The other track is administered by Biden, CIA Chief William Burns, and US Secretary of State Antony Blinken. Blinken is expected to arrive in the region today to follow up on the talks that Burns conducted last week as part of a US push for a truce.

“The Americans are sending Blinken while their Draft Resolution is tabled at the Security Council. The idea is that they want to get some flexibility from Netanyahu, who has been personally blocking all attempts to reach a truce before Ramadan and is still blocking chances for a truce,” said the Egyptian source.

He was sceptical of Netanyahu succumbing “enough to the US pressure.”

According to the Cairo-based foreign diplomats, during his talks with Israeli officials Burns said that the US might have to add a degree of conditionality on the Israeli use of US weapons in its war on Gaza. Last month, the US asked Israel to refrain from using US weapons in attacks that could be labelled as crimes against humanity in Gaza.

The Blinken visit to the region is the sixth since the beginning of the war. It comes in parallel to the visit of a high-level Israeli delegation to Washington to discuss the details of the Rafah operation.

Meanwhile, the same sources said that the US has put heavy pressure on Qatar to use its influence on the leaders of the political wing of Hamas in Doha to show flexibility, specifically with regards to their demand for a full Israeli withdrawal from Gaza as a condition for a comprehensive ceasefire that would include the release of all the Israeli hostages.

“Hamas has bowed to the Qatari pressure and has shown flexibility, but Israel hasn’t,” commented the Egyptian source. He said that the test of the efficacy of the US pressure on Netanyahu will be during the talks that Doha is hosting this week with Israeli Mossad Chief David Barnea.

According to the same source, this track of the talks, hosted in rotation by Cairo and Doha, has been busy with the discussion of specific details related to three points: the plan to evacuate civilians from Rafah; the specific terms of the entry of humanitarian aid into Gaza, “not just from Rafah through [the Egyptian] border but also from the Israeli borders;” the details of the distribution of aid; and the details of the management of the security situation on the ground in Gaza during the truce.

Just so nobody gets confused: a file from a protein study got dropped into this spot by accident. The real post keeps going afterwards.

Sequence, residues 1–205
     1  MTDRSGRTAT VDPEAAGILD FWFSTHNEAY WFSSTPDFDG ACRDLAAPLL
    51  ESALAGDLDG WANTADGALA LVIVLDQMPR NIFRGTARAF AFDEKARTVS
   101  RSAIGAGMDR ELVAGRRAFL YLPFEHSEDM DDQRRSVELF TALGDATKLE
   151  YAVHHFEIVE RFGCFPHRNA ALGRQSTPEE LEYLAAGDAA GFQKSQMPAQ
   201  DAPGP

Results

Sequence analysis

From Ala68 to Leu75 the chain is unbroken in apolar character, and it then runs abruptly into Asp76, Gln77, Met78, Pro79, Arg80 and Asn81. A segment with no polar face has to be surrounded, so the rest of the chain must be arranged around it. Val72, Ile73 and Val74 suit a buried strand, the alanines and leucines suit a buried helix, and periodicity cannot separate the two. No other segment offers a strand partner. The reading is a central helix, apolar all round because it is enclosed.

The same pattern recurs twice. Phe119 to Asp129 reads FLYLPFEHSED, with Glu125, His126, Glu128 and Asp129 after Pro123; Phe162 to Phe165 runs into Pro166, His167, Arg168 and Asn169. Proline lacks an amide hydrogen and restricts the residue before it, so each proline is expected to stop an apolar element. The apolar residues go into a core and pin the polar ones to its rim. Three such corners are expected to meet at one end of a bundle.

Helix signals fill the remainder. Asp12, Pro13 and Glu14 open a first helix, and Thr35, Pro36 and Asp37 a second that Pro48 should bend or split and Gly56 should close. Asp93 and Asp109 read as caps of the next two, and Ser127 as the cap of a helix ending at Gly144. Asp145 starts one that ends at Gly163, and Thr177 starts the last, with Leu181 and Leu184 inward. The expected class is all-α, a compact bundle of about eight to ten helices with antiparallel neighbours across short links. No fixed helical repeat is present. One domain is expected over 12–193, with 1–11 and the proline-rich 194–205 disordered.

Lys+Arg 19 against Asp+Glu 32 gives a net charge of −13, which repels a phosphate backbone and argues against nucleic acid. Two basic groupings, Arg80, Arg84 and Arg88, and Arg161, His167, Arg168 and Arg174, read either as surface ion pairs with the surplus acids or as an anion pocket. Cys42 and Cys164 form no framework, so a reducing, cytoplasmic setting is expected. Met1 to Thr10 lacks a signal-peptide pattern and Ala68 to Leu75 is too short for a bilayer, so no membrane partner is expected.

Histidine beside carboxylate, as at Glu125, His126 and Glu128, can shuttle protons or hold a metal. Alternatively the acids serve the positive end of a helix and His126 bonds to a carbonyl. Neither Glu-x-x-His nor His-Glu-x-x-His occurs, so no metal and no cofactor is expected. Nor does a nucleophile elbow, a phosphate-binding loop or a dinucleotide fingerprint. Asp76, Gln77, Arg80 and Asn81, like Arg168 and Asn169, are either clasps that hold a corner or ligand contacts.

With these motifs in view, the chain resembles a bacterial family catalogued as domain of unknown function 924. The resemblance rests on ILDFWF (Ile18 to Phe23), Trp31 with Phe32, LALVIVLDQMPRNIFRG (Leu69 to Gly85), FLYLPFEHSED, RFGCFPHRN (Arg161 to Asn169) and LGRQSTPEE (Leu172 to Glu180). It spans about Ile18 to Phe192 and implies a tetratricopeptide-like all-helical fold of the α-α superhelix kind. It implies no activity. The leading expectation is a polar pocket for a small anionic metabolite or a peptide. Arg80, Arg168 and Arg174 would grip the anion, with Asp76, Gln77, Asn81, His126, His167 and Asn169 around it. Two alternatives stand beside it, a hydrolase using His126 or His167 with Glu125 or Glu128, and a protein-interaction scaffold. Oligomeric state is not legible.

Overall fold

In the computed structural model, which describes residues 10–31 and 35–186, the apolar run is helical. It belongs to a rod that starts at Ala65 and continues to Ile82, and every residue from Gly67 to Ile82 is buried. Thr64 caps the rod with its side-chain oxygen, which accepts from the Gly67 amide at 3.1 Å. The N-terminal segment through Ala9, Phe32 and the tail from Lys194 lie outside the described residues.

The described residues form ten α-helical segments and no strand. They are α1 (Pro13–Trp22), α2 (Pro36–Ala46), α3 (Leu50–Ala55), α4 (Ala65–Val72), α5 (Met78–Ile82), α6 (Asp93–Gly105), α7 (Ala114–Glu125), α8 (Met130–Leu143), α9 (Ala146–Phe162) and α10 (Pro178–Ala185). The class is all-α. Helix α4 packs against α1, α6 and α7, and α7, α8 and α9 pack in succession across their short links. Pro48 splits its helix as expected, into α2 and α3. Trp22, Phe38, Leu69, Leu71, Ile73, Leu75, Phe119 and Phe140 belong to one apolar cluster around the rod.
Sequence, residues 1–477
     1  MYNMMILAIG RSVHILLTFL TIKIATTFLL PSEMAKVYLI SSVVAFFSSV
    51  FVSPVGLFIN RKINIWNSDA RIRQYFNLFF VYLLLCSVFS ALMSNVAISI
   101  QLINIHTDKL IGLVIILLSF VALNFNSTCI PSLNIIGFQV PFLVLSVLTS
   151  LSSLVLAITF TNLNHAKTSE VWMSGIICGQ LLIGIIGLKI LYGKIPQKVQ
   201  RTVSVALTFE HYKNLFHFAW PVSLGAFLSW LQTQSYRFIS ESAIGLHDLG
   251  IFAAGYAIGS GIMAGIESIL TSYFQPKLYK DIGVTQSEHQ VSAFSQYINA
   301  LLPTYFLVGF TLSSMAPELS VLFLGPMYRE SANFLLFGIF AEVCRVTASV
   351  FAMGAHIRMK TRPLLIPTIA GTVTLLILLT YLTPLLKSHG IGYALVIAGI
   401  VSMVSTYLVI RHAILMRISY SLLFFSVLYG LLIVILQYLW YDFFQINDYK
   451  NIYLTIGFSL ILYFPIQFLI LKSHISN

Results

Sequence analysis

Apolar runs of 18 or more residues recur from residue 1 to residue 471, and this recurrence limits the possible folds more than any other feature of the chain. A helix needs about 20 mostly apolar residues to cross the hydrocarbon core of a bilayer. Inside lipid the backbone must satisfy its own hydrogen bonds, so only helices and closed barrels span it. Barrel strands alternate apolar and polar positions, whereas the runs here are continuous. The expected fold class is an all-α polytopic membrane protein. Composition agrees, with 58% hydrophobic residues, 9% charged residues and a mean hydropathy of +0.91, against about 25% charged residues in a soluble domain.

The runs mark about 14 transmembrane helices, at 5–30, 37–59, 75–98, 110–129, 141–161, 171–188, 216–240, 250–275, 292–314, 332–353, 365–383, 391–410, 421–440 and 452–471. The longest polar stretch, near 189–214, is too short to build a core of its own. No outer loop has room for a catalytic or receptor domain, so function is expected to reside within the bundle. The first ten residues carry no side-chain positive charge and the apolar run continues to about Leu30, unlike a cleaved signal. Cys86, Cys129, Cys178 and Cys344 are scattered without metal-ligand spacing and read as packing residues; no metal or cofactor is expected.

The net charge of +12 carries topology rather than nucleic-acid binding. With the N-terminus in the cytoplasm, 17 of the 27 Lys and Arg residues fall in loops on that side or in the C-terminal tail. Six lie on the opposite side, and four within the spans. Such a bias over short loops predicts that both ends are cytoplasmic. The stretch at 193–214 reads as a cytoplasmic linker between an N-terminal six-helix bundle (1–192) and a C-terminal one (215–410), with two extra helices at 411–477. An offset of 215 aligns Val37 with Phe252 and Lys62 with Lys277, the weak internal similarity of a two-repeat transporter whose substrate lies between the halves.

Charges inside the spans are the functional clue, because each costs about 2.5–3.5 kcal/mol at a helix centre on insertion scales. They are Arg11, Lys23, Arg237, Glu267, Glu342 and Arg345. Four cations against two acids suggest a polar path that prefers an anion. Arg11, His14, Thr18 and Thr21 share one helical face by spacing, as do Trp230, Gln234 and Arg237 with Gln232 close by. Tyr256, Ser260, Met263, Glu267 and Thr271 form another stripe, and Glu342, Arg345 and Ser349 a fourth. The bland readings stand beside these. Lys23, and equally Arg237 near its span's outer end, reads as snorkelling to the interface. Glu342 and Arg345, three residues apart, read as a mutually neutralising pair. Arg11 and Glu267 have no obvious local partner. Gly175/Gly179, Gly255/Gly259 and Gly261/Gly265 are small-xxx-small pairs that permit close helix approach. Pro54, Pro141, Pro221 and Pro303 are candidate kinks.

He added that a parallel track involves the inter-Palestinian talks that Cairo is managing. Currently, he said, there is a high level of tension, not just between Hamas and the Palestinian Authority (PA), but also within the PA-dominated Fatah Movement.

“It is hard to see how things will move forward for Gaza once the war comes to an end with this level of inter-Palestinian factionalism, especially since the talks about the truce are not separable from the talks about the day after the war,” he said.

This week, a surprising statement carrying the name of Fatah, the oldest Palestinian faction, openly attacked Hamas for the plight of the Palestinians in Gaza.

The statement prompted denunciations across Palestinian public opinion and within the Fatah Movement itself. The language of the statement was enough for some to label it “a statement of treason.”

Egyptian and foreign diplomatic sources agree that the battle for succession is intensifying within the circle of Palestinian President Mahmoud Abbas, and they blame the language and the timing of the statement on the figures around him.

“Fixing the inter-Palestinian situation is essential now, but it will also be very difficult,” the Egyptian source said.

Work on these parallel tracks could provide a few days of truce and a possible agreement between Israel and the Americans on the guidelines of the Rafah offensive, the Egyptian source said.

However, “today more than at any other time during the war, it is very clear that Netanyahu will not stop before he invades Rafah,” he added.

* A version of this article appears in print in the 21 March, 2024 edition of Al-Ahram Weekly